We still remember
To the editor:
"Go ahead and take it down; by next year they'll have forgotten all about it." Merle Elliott and Citicorp officials said of their deal to take down the 225-year-old Ludwig Kammerer house - at Easter time, a time noted in our culture for new life and beginning.
This May, 2001, begins the third year of my wrenching memories of the inexcusable assult upon history, cultural and archaeological research and my own personal thirst for knowledge. Neither I nor the descendants of Ludwig Kammerer have forgotten.
We have not forgotten that the gable stone bearing the carving,"L.K., 1774," belongs in a state or national archive, not in a perpetrator's backyard garden. Neither have we forgotten that we presented evidence that the possible remains of an ancestral grandmother, Ludwig's wife, was buried near the site of one of the last examples of German architecture in the New World.
Two graves, now unmarked, are approximately 30 feet from the southwest corner of the house which Elliott and Citicorp caused to be destroyed.
We have not forgotten that truth was trampled into that same ground, and our plea for a search, and the possible removal of the remains goes ignored.
The land above the grave now lies barren and forlorn, adorned with only the prairie grasses to wave at the brick and glass presentation of Citicorp's and Elliott's "agreement."
A descendant of Ludwig; his daughter, Elizabeth; her daughter, Catherine; her daughter, Juliet; her son, Phineas; Phineas's daughter, Letitia Cassandra; her daughter, Jennie Mable; and Jennie's son, Robert L. (Robert's ancestral father also came from Hagerstown.
Carol D. Boyles
Locust Grove, Okla.
Jellystone offers camping and more
To the editor:
Recently I had the pleasure of staying with my children at Yogi Bear's Jellystone Park Camp on Lappans Road, by Williamsport. I expected to have fun cooking hot dogs and marshmallows over a campfire, and the usual camping-type things
But we were surprised and pleased to find so much more. This particular weekend the park hosted several local school bands and groups, including the E. Russell Hicks Middle School Jazz Band, the Clear Spring High School Show Choir and the Boonsboro Middle School Jazz Band. It was a terrific experience, but the good feelings I had were increased when I read that all the park's visitor's fees went to the bands as a fundraiser.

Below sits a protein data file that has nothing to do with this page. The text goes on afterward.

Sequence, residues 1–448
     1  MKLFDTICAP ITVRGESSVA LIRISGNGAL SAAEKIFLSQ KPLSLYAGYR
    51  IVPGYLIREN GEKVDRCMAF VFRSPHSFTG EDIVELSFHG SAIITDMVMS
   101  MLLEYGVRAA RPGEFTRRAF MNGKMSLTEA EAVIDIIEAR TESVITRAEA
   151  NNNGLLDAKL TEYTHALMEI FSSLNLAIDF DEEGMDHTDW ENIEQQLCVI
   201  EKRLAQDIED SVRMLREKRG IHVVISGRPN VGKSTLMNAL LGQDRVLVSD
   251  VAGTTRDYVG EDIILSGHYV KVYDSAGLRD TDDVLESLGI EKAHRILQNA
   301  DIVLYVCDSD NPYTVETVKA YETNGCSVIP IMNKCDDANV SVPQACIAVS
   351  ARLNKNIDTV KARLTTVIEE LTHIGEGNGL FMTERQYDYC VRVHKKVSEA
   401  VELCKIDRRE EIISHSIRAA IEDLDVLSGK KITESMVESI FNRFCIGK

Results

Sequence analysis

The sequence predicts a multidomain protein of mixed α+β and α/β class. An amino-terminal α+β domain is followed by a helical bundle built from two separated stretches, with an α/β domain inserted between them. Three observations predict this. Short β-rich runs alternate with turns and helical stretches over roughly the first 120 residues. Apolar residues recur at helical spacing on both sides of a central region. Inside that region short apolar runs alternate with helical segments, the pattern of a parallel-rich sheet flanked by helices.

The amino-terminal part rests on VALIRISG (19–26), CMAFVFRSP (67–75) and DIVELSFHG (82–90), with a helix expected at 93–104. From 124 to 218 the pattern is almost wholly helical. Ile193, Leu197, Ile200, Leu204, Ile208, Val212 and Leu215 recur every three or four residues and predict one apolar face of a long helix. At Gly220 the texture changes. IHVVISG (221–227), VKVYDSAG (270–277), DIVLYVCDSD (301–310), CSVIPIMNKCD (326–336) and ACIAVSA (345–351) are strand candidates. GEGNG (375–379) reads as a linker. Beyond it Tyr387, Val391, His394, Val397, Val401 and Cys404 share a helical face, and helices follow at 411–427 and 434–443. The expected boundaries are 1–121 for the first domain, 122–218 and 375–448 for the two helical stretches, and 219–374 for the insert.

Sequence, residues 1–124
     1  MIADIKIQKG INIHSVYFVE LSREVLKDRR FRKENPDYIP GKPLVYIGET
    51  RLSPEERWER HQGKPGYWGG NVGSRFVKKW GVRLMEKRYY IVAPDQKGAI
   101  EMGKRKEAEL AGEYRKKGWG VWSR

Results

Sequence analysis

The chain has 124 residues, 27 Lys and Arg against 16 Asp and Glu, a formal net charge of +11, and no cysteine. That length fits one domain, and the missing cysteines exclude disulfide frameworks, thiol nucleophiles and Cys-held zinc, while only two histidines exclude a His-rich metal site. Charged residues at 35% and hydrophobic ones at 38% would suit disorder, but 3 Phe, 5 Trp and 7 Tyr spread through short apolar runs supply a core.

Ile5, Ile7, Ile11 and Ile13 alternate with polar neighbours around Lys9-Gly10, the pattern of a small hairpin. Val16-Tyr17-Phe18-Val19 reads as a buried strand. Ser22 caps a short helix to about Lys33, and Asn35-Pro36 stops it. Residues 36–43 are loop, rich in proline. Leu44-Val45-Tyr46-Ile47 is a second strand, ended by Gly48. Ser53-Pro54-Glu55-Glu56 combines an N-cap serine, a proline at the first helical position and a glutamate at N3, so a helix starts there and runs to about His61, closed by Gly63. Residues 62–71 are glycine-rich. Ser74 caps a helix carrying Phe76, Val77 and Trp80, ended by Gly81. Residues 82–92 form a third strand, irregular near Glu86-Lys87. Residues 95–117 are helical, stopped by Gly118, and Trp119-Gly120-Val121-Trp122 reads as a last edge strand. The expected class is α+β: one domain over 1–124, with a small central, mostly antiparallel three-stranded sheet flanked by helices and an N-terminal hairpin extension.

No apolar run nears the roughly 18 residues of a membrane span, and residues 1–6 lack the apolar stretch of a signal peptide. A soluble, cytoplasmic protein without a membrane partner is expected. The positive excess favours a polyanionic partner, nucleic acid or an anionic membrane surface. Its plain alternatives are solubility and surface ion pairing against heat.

I want to compliment the owners, management and staff at this fine Washington County facility for being involved in the community, and for being such good corporate citizens.
The park is owned by Ron and Vicki Vitkun, and they seem to be doing a terrific job. It is inspiring when a Washington County business helps local school programs in this way.
To host a fund-raiser with the proceeds going straight to the school groups is a great example of why the park has become successful. My children had a great time, and I'm sure that the school musicians appreciated being part of the event. Way to go, Jellystone Park!
To the editor:
I would like to thank the people of the community, businesses, band parents, band students and the Hancock Middle-Senior High School.
With your support of our fundraisers the band was able to take a cruise to the Bahamas. While on the ship they performed and got an excellent rating. Then in Nassau they did a parade and got a superior rating along with a trophy for the drum line and drum major.
The rest of the day was enjoyed on Nassau and then the following day was spent on Coco Cay. With all of your support the band had a learning experience and something some of them will never experience the rest of their lives. So thank you again.
Hancock Band Boosters